Sam considered this, but he found "surveys of portraits in Egypt (where texts read right to left) turned up a healthy majority of left-facing portraits as well."
What about children's drawings? Kids haven't been exposed to adult paintings, museum art, cultural cues — they just grab crayons and draw. Do they draw faces looking left?
They do, says Sam. Most kids — especially the righties — draw people facing left. "Overall culture probably influences the direction of portraits somewhat," he wrote, "but most artists naturally highlight the left side."
This analysis left me thinking: When you imagine an artist and model sitting quietly in the studio, it looks so quiet, so ... dull. But if Sam's idea is right, the two of them are actually doing battle.
The artist's right brain is looking at the model's left side. The model's right brain is murmuring "paint my left," but what's left to the painter is right for the model, so the two of them are pushing at each other, the model twisting to her left, giving the artist less of what the artist wants, the artist, presumably, focusing on what the model is showing less and less of. What looks so serene, is, perhaps, a ruthless tug of war, the artist saying "Give me more left!", the model saying, "I'm giving you left — but it's my left!"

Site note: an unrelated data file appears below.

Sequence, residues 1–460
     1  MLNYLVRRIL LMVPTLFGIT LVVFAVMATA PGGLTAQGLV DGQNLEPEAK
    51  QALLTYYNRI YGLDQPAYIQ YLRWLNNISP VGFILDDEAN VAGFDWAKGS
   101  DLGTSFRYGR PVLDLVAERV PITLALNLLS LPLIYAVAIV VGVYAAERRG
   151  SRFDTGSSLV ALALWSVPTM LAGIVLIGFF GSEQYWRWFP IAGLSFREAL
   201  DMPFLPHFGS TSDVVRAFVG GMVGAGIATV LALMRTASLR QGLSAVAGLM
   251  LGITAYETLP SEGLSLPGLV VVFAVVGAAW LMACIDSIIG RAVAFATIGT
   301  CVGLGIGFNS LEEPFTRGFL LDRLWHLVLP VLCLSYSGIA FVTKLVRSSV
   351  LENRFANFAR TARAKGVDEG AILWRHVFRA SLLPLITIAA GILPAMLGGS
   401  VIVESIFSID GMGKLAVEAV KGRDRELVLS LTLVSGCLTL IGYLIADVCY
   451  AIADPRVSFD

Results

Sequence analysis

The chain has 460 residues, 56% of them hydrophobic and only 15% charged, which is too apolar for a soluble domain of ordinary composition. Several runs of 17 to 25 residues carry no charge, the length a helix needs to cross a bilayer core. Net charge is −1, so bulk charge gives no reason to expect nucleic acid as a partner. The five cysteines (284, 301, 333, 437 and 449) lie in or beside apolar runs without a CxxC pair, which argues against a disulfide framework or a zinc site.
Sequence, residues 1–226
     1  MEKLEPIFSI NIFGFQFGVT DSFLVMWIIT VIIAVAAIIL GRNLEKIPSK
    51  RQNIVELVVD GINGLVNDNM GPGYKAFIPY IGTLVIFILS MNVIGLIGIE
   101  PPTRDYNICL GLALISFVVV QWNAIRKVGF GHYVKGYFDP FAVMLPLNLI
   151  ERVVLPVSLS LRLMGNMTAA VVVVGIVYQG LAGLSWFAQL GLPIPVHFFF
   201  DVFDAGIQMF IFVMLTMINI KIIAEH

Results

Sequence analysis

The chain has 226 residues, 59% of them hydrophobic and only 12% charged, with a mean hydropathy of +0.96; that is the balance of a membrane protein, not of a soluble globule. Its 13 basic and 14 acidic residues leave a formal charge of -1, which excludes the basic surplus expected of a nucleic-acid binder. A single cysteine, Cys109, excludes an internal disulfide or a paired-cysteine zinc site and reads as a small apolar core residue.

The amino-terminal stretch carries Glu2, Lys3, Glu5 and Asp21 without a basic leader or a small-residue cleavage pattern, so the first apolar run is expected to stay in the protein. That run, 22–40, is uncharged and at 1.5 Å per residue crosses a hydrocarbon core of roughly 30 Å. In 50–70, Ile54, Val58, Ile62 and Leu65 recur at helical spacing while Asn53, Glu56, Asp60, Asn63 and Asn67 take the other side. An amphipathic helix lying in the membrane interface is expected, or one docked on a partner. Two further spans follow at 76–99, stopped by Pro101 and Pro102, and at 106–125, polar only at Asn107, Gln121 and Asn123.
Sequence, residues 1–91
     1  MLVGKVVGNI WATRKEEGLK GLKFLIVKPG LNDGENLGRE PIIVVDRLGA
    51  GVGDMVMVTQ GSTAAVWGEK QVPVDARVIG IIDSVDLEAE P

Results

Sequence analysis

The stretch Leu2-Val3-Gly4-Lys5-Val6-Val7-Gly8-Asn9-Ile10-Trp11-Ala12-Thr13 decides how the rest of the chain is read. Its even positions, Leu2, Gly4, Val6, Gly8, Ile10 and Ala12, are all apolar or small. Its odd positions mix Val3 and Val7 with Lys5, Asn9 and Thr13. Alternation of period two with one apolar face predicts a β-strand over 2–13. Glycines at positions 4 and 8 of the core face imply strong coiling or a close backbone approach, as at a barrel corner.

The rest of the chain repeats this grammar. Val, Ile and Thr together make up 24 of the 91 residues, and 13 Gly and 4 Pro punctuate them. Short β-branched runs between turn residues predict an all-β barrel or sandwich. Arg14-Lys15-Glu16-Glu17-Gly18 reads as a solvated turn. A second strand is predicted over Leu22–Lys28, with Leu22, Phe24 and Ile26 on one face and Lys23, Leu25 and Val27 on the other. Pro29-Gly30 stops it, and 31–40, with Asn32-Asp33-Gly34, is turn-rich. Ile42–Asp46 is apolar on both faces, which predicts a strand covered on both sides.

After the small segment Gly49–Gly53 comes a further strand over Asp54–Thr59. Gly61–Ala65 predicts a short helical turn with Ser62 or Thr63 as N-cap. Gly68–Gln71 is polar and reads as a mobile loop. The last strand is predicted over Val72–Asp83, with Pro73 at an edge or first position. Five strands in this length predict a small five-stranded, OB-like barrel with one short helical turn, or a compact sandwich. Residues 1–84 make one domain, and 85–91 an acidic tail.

Art. I always knew it was a sweaty business.
Sam Kean's new book The Tale of the Dueling Neurosurgeons: The History of the Human Brain as Revealed by True Stories of Trauma, Madness, and Recovery, is a history of brain science — a chapter-by-chapter drama of how you and I learned what's in our brain, how it works, what happens when it doesn't. Mostly it's a series of short stories featuring vivid moments of discovery. Kings get lanced through the head, and the court doctor leans in for a look; presidential assassins are executed, and scientists wonder, "Why did he do that? Did his brain make him kill?" From these tales, Sam builds us our brain. (Sam, I should mention, is a regular contributor to Radiolab.)
Speaking of which (Radiolab, I mean), I will be giving a public talk Saturday night (May 10) in Woods Hole, Mass., should you be in the vicinity. It's a benefit for Atlantic Public Media — the wonderful folks who run Transom, who teach the radio arts and who pilot WCAI. I'm calling the talk "Saddam Hussein's Secret Octopus and Other Tales of Science." I'll be on stage at 7:30 p.m. at the Marine Biology Lab's Lillie Auditorium, 7 MBL St.